20 August 2012

Night of the Bloody Apes

Mexico - 1972
Director - Rene Cardona
Something Weird Video, 2002, DVD
Run Time - 1 hour, 24 minutes

Hollywood is so prolific, churning out such a tremendous volume of visual distraction that it’s impossible to keep up. Even less so to follow foreign cinema. Hence it may come as a surprise to many United Statesians to discover that Mexico also has a film industry. Actually they have for quite some time. Many other countries do, but the American Academy only acknowledges one a year and those have been overwhelmingly European. But it’s true, Mexico has a film industry, and like its contemporaries, Mexican cinema has its own genre conventions. They have their classy commercial films and their grimy low budget exploitationers, both of which may or may not make the treacherous journey north. If the metaphor serves for what types of Mexicana are acceptable in Gringolandia then it should come as no surprise that the latter circulates somewhat under the radar. My own introduction to Cine Mexicano was not gentle. I was cast bodily into a grimy pit of vice from the get go, and while my experience remains limited (less and less so), it is forever colored by my first Night of the Bloody Apes.

Coming just under a decade after Blood Feast uncorked the gore-film upon unsuspecting Gringos, Night of the Bloody Apes went further and faster, taking cues from the then current European Mondo fad and mixing it up with a generous dose of nudity and Mexicana. The story concerns the distraught Doctor Krallman (a suitably ‘German’ name*) whose son Julio is dying of Leukemia. In an attempt to save him, the good doctor and his lurching, half-blind henchman replace the son’s heart with that of a gorilla. This gives ample opportunity for the showcase gross-out scene in the film; footage of an actual open heart surgery complete with squirting blood and still beating organ.

But what curative medical procedure ever works in horror? It is around this very failed operation that our film is also given a lease on life. The heart proves “too strong” for poor Julio, unleashing his deep animalistic urges during spells of apparent catatonia. When Julio passes out, the inner ape stirs and smashes his way onto the streets of Mexico City in search of men to kill and women whose clothes are easily torn off.

In a pursuit one would be hard-pressed to call ‘hot’, follows police Lt. Martinez. Still, his enthusiasm lies predominantly in chasing something that is; Lucy, a sturdy Luchadora who dresses in a red-devil costume before kicking ass. If it wasn’t for Lucy’s overzealousness in the ring, Lt. Martinez might not have been trying to solve the Ape-man murders at all. During a bout Lucy severely injures her opponent who ends up in the same hospital where Krallman works. A second grisly operation using the heart of Lucy’s comatose opponent coincides neatly with another violent-disrobing right across the street from Krallman’s home/basement-laboratory and the jig is up for his erstwhile eugenics project.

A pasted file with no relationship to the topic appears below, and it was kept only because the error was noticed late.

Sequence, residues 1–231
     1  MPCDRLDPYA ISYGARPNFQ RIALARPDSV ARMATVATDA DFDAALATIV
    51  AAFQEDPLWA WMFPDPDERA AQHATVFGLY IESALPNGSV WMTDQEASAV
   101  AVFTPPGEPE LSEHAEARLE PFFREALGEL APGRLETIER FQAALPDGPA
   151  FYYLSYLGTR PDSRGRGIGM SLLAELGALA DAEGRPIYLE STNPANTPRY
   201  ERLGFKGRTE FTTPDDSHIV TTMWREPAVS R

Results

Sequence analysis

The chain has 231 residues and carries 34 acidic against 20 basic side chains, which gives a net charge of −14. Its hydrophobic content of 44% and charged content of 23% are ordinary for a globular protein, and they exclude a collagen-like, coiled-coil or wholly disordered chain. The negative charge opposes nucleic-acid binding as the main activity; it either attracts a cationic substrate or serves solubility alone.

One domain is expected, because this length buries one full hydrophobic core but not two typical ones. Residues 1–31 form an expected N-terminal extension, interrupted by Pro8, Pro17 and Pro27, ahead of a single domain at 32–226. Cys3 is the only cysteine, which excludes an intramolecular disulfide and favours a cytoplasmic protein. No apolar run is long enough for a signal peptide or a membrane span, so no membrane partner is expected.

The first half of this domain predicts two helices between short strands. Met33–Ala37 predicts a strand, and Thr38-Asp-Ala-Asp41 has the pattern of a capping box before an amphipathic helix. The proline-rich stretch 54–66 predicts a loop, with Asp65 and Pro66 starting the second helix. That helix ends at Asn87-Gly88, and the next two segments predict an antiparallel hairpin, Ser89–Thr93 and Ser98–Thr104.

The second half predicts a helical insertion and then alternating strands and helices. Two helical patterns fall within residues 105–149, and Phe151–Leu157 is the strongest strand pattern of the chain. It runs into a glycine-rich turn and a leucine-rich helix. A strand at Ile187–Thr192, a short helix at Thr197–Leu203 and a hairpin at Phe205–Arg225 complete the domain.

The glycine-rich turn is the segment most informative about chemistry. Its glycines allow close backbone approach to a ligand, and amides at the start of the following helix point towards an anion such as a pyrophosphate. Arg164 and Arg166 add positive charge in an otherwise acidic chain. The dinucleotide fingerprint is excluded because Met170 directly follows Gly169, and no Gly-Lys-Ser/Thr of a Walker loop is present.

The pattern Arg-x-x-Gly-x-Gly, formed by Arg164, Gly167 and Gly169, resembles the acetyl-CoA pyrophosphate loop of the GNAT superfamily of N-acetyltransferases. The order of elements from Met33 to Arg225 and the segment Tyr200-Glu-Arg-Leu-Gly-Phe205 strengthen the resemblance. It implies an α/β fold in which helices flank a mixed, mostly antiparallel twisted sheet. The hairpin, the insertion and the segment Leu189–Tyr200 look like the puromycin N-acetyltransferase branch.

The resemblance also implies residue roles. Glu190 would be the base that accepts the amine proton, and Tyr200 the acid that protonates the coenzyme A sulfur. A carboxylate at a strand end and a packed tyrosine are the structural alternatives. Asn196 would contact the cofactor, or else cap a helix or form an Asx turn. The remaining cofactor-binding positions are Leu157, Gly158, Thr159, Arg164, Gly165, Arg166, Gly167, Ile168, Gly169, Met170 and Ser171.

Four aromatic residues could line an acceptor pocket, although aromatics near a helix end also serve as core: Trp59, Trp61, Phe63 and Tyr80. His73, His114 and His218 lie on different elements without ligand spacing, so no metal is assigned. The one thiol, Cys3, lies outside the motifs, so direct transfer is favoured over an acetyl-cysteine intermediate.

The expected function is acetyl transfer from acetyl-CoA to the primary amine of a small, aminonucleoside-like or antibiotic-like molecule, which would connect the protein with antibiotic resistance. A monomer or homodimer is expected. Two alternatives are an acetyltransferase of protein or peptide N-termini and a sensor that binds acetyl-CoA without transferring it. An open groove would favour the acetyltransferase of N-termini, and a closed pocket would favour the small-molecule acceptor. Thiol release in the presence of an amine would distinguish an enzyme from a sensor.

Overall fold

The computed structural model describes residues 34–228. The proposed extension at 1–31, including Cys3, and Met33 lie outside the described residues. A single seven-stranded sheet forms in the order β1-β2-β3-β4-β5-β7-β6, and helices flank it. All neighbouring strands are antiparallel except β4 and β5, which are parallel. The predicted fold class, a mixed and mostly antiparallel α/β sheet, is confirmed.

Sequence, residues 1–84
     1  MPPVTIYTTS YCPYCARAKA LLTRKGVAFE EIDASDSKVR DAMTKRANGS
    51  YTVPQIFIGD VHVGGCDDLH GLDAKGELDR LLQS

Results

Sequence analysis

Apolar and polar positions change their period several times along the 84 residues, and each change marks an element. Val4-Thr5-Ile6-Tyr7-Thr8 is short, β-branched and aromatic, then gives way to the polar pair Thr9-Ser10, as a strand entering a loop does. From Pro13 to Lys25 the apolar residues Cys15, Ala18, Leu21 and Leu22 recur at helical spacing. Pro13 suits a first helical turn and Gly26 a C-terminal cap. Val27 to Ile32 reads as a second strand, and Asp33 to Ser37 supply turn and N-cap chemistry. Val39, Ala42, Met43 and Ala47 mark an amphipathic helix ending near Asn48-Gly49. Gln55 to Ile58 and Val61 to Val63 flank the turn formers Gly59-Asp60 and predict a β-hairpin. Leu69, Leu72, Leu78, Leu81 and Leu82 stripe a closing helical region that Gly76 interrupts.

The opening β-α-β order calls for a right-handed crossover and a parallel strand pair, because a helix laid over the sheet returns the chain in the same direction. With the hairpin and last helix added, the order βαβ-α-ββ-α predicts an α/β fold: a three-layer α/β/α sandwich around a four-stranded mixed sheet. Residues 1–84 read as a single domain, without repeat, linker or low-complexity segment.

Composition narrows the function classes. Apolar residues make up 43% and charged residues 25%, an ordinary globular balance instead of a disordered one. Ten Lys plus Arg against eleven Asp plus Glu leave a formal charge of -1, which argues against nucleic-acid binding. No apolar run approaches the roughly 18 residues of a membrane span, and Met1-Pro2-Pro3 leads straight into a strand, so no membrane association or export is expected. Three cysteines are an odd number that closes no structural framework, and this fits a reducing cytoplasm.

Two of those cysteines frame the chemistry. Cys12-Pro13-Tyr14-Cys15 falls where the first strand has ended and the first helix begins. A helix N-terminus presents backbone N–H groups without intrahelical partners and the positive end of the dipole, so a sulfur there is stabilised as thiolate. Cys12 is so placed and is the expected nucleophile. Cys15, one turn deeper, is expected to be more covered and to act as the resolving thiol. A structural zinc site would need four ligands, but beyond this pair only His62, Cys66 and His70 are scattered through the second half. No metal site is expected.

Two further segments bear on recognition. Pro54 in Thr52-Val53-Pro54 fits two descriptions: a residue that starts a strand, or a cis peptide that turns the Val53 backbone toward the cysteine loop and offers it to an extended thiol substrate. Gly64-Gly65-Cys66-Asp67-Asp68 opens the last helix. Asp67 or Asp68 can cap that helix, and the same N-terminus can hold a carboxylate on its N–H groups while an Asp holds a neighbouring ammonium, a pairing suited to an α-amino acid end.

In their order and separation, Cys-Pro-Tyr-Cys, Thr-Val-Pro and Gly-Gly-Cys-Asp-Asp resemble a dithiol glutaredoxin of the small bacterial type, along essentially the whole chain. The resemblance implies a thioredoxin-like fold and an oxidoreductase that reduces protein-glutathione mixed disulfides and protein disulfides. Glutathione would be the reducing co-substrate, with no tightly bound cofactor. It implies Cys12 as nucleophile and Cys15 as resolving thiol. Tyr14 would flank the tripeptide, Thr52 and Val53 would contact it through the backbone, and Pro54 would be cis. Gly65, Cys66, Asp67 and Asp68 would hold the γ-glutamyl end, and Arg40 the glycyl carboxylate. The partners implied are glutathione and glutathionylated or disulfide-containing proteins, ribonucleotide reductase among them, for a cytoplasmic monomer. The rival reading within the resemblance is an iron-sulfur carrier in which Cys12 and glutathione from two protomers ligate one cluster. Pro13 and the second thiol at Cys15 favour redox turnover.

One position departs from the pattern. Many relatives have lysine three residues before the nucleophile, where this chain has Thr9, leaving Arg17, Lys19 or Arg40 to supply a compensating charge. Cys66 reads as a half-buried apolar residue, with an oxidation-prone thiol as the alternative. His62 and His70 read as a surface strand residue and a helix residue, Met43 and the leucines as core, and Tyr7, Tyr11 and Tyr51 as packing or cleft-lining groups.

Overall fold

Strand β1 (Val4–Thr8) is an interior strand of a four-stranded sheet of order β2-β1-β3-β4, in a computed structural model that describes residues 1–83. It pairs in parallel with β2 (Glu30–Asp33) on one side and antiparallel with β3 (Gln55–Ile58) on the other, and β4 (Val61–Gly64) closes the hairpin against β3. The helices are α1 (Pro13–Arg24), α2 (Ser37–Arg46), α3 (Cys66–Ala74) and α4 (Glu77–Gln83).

While its debt to H.G. Lewis et al. is evident, Cardona is also in some ways the Mexican version of Italy’s Mario Bava. After working on his father’s films (they co-wrote this one) Rene Cardona Jr. went on to direct his own low (and not so low) budget horror films, some of which, Beaks and Tintorera, we’ve covered here at LVA. I hate to make apple/orange comparisons that rob films of their individuality. If doing so will make the Cardona legacy and Mexican Cinema tangible and hopefully more accessible however, then the overgeneralization is worth it. Night of the Bloody Apes is among my favorite monster/splatter films. It is a beautiful example of the ‘serious’ exploitation filmmaking that is all but impossible in our current age of post-Scream meta-irony. Loaded with budgetary shibboleths and logic loopholes, it plows earnestly ahead with little more than coincidental interest in "art."

 This sleeve comes courtesy of Itsonlyamovie.co.uk

This one from Lars Jacobsson

A poster from Radio Magma

*Mexican movies of this and earlier eras (see LVA's coverage of the Aztec Mummy) loved to give the bad-guys European names. This was part of a larger project to establish a distinctly Mexican national identity as separate from European or American influence which then, as now, was often considered more ‘pure’ and important because it was whiter. Night of the Bloody Apes (a remake of Cardona’s own 1962 film Doctor of Doom) would seem to suggest that these dangerous foreign influences are just going to fuck Mexico up.

1 comment:

Anonymous said...

The detective has his girlfriend come to the park alone to see him while he's on stakeout trying to catch the apeman who's been murdering women in the park.

I was disappointed she didn't use her wrestling skills against the bloody ape.